The XY Review by Ian Abbott
A flimsy interpretation of a classic literary masterpiece? Check.
Mr Dante has a slight disagreement with Death and decides to steal his almighty scythe. Now Mr Dante (let’s call him Big D from now on) has a good-looking lady, Beatrice, back at home and lo and behold – she gets caught up in a Lucifer love triangle who steals her away into the nine circles of hell and guess where Big D has to go to get her back? Big D has a lot of choices to make on his quest to save his lady. Should he a) punish the damned souls who get in his way and pump up his unholy-ometer? Or b) absolve the poor wretches of their sins and get on the good side of the man upstairs? I’m not one for historical accuracy, but you’d fail your GCSE History of Literature if EA were providing the revision guides.
Glorious slaughtering of scores of relentless enemies? Check.
It’s not going to win any awards from the originality department either (God of War anyone?), but it looks good and just about keeps you immersed in the overall game play. Rampaging through level after level of richly detailed sets and worlds is fun and the beasts get bigger, tougher and more graphic – but when you take them down, oh it’s satisfying! You will die (or whatever it is you do when you’re already dead) many, many times throughout this game, as it’s not always clear how to kill your enemies, but this is hell right?
Gorillaz inspired cut scenes filled with gratuitous nudity? Check.
You’ve got the odd tricky logic puzzle dropped in for good measure too, which gives the button mashing a break, and allows the game some breathing space. It gives you a time out from those relentless minions who keep giving you beef until you put them out of their misery. Now Tracey mentioned the “beautiful” animated cut scenes, for me they are damn irritating – they completely rip off Jamie Hewlett – and completely jar with the overall aesthetic of the rest of the game. They did nothing but distract me and had no visual relevance to the rest of the game and were just there to boost the nipple count. On reflection, she might have had a point.
Finally as we are dealing with a piece of the finest literature, here’s my closing literary offering which will no doubt rile Tracey as it bastardises Big D’s literary classic one more time.
There was a young man who went to hell
He killed lots of beasts to get back his belle
A fictional story, which gets really gory
It rips God of War and there are no major flaws
Dante, my soul, it’s yours to sell
The XX Review by Tracey McGarrigan
Pay attention at the back. Now as I’m sure you all know, Dante’s Divine Comedy (written between 1308 and 1321) is an epic poem split into 3 parts; Inferno (hell), Purgatorio (purgatory) and Paradiso (paradise) and it’s the best bit – hell – which EA have concentrated their efforts. You play Dante, a templar, neither heartswooningly handsome nor a total pug, during the crusade that journeys through hell in order to rescue his beloved Beatrice. Woah!? That’s a big reworking of one of Italy’s literary masterpieces isn’t it? You guessed it! EA plumped for the clichéd boy rescues girl after she is condemned because he shagged someone else story. Instead of Beatrice guiding Dante through Heaven, here she’s in Hell because Dante, despite promising to be faithful, found he couldn’t keep his chain mail underpants on. “I have no choice,” she whimpers to him as Lucifer whisks her away. “She doesn’t deserve this!” cries our *ahem* hero and so it is redemption searching Dante to the rescue. I guess the ‘Beatrice’s Inferno’ pitch went badly wrong.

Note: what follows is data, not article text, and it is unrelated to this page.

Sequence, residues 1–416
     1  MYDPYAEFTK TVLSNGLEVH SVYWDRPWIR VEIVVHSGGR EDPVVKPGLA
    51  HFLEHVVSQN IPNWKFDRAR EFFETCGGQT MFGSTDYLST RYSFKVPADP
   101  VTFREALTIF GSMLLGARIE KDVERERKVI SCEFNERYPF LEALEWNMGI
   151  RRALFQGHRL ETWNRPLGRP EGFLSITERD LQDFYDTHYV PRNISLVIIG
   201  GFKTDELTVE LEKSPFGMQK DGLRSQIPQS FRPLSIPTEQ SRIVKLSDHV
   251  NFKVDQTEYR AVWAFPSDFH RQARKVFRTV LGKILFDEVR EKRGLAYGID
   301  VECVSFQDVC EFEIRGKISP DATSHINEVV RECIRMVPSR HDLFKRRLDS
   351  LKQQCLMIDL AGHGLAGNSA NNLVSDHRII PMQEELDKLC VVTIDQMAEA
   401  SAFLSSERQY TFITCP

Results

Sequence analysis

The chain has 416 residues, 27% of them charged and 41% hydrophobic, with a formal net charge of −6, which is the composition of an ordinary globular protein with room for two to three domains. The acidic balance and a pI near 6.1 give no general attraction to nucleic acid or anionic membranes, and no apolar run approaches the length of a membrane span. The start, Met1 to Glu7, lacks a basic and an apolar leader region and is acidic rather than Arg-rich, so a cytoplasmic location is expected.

To start, there’s a brief yet beautiful animation sequence accompanied by some even briefer narrative before bam! You’re in the heart of a full on riot! Instinctively, you’ll start wildly jabbing at your X-button hoping for the best and wondering what on earth to do whilst your life is brutally hacked away then finally, the onscreen commands kick in. In fact, throughout the game, whenever you need to press the right button to make the right jump or more importantly, correctly chop something’s head off, you can pretty much guarantee that it will let you know far too late what you needed to do. Get used to this now as it will become a constant annoyance – seems Dante shouldn’t be the only one to experience gaming hell. However, there is plenty of pleasure to be had! The hellish minions and beasts are varied and tough little blighters, there are some inventive and impressive moves, dozens of different button combinations for fighting and the game play is fast paced yet balanced (there are puzzles and climbing obstacles to give your thumbs a rest whilst the animated cut scenes are short enough to reveal the story and provide some context without being dull or breaking the momentum). The camera keeps up and isn’t distracting or annoying whilst the attention to detail in both the game play and animation is stunning and creative with my particular favourite being the intestines with stumpy, minging teeth in the realm of gluttony.
Answers on a postcard as to how many unnecessary boobs (both the bobbing, fleshy, kind and the lusty, tongues-for-nipples-that-spew-out-unbabtised-babies-with-steel-blades-for-arms kind) you can spot. Talking to Ian about the game, he commented that he thought the onscreen boobage was realistic. A welcome relief I suppose from the countless other anatomically incorrect females we’ve seen in games over the ages and the fact remains, this game is addictive, there are plenty of gruesome surprises and it’s devilishly good fun!
DANTE’S INFERNO is out now on PS3, Xbox 360 and PSP from EA Games and available from Play and all good retailers.
We have two copies of the game on PS3 to give away, courtesy of EA Games. Click on the link below to enter the competition, which closes on March 28, 2010.